October 27, 2020

1993-04-23 – Philadelphia Daily News

1993 04 23 Philadelphia_Daily_News_Fri__Apr_23__1993_2

FRIDAY, APRIL 23, 1993



Here's the kicker. Who master-
mind Pete Townshend’s odd para-
ble of postwar numbness, child
abuse, rebellion with a cause, idol
worship and Christ-like martyr-
dom finally makes psychological
sense while seeming right at
home on the Great White Way.

Much of the improvement is
wrought by clever multimedia en-
hancements, veering from moody
rear—projection stills (of wartime
propaganda posters and 19505 and
’60s pop imagery) to mind-blow-
ing, full-fledged stage illusions.
Most memorable are sights of
British paratroopers jumping out
of a plane into a cloud, an even
higher-flying Tommy, a magic
mirror that reveals all and the
shock of the theater transformed
instantly into an electrifying pin-
ball machine.

There’s enough eye candy
dished out to keep even the MTV

generation satisfied. I suspect it’s
their middle-aged, prosperous
and still rocking parents, though,
who’ll be snapping up most of
these show seats. (Maybe that's
why Townshend had to wait 25
years, so his Broadway dream
could be financially fulfilled by
an audience of his peers.)

In fact, only a few lines of sec-
ond—act dialogue, one gentle new
ballad for Tommy’s parents (“I
Believe My Own Eyes") and a
couple of new musical bridges
have been added to the original
score, still played by a small (but
loud) rock combo, enhanced with
graceful toots of French horn.

Yet there’s so much pizazz in
the performance that classics
such as “Amazing Journey,” “See
Me Feel Me,” “Acid Queen," “Pin-
ball Wizard" and “We‘re Not

Gonna Take It” seem fresh again |

and very much alive.

The smooth, Broadway-style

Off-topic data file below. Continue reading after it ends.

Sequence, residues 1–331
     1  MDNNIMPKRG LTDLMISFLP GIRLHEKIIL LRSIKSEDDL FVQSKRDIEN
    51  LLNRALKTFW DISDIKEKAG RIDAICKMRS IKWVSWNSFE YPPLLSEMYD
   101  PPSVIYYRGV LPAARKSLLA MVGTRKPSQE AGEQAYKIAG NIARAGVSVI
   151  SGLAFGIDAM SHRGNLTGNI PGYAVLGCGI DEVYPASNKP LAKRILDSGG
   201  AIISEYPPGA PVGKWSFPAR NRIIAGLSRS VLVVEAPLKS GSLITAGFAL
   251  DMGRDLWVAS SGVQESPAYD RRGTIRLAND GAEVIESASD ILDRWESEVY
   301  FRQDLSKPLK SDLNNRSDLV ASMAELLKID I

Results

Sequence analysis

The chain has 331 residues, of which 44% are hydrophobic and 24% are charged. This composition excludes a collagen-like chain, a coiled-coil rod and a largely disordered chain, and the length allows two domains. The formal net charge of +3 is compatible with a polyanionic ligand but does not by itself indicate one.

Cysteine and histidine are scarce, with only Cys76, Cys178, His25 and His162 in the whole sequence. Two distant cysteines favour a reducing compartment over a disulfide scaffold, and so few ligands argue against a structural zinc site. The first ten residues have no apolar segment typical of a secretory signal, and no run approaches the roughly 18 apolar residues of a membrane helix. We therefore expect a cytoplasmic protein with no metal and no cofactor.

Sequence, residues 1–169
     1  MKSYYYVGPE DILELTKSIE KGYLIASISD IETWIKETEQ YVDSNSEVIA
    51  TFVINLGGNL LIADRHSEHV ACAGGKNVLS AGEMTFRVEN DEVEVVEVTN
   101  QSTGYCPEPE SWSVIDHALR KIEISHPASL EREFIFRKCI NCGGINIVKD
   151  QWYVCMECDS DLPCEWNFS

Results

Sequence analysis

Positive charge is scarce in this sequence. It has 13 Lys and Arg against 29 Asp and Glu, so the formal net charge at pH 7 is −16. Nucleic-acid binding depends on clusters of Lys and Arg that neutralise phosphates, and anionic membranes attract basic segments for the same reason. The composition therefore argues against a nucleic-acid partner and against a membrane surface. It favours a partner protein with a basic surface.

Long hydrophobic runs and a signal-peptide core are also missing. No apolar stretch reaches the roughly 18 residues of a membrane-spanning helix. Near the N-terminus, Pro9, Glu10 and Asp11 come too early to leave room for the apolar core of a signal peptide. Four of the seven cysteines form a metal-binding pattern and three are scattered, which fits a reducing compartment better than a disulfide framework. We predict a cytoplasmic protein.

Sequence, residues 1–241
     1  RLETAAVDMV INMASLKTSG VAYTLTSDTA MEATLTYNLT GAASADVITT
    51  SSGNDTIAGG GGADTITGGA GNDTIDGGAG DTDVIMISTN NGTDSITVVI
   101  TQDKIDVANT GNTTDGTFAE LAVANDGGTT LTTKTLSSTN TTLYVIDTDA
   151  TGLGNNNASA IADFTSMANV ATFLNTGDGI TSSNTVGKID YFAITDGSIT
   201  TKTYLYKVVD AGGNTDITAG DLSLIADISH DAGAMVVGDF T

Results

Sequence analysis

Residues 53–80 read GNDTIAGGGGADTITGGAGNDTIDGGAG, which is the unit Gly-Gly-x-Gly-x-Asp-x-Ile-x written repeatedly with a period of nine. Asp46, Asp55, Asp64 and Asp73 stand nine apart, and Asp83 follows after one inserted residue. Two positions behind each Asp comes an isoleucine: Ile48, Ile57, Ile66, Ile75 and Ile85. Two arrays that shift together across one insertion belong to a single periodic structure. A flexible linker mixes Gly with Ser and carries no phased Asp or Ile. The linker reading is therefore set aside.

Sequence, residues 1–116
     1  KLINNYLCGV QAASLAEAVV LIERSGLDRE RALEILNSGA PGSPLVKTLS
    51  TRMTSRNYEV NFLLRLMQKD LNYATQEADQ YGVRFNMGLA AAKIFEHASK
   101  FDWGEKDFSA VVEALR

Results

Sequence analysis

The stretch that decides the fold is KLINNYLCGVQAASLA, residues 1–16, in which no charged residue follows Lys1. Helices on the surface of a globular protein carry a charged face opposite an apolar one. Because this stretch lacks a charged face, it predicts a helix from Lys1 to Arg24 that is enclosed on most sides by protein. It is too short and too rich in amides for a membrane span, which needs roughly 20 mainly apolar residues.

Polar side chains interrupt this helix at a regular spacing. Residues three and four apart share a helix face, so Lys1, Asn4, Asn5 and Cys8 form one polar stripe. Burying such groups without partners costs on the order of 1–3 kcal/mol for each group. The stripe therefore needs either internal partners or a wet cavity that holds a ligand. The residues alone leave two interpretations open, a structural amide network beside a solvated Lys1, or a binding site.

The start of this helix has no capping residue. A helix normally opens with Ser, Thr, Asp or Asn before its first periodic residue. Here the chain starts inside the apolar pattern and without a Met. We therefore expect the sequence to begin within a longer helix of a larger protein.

emoting applied to the pop by
Marcia Mitzrnan and Jonathan
Dokuchltz as Tommy's parents
and the scenery—chewing histri-
onics of Paul Kandel as wicked
Uncle Ernie seem absolutely in
character, perhaps what com-
poser Townshend was always
hearing and seeing inside his
head. The bad-guy status of Cous-
in Kevin (Anthony Barille), as
leader of a zoot-suited Mods pack,
looms larger in this production.
adding grit to Tommy's teen—years
struggles and triumphs in the sec
ond act. I loved this gang pogoing
across the stage and taunting our
hero with a juicy a capella ver-
sion of “Tommy Can You Hear

Drily 'Cheryli Freeman's The

Gypsy makes you think of an-
other role essayist, “Tommy" film
performer Tina Turner. Probably
to make this production more
suitable for the family trade. the
Broadway voodoo lady isn't
nearly as fearsome. And Tommy’s
dad, feeling remorse. doesn’t
leave the boy in her clutches.

Seeing a small and mid-sized
waif of 21 Tommy on stage (both
played by little girls, actually)
certainly makes the child’s suffer-
ing concrete. And Michael Cer-
veris‘ grown-up Tommy offers a
perfect balance — bearing a rea-
sonable resemblance (physically
and vocally) to the angry young
composer/singer who first gave
the character voice, while en-
hancing the dramatic resonance
that explains Tommy's retreat to
his own private world. I


Tommy __ _

Music and lyrics by Pete Townshen
book by Townshend and Des Mctir
ufi, additional Iyncs and musuc by
John Entwistle and Keith Moon. 1'
duced by Dawd. Strong. Warner 'r
and Scott Zetger/Gary Gunas, d
rected by Des McAnuff. choreogu: t
by Wayne Cilento. scenery by )1: r a
Amone. costumes by Davud C. n :u
lard. lighting by Chris Parry. prOJeLtu v
by Wendell K. Harrington. muscai qt
rection by Joseph Church.

Mrs. Walker ........ Marena Marv»;-
Captain Walker . . Jonathan Dower
Uncle Emle .......... Paul Karz.
Tommy .......... Michae: Cert»? ~
Cousm Kevm ....... Anthony 85”
The Gypsy: . A . _ _ _ . a Chery Freema-

Pinyin; at: St; James Theater. 2.16
W. 44th St.. New York 8 pm. Mon
days-Saturdays. 2 pm. Wednesdays
and Saturdays Tickets: 520-365.
Info: 212-239-6200.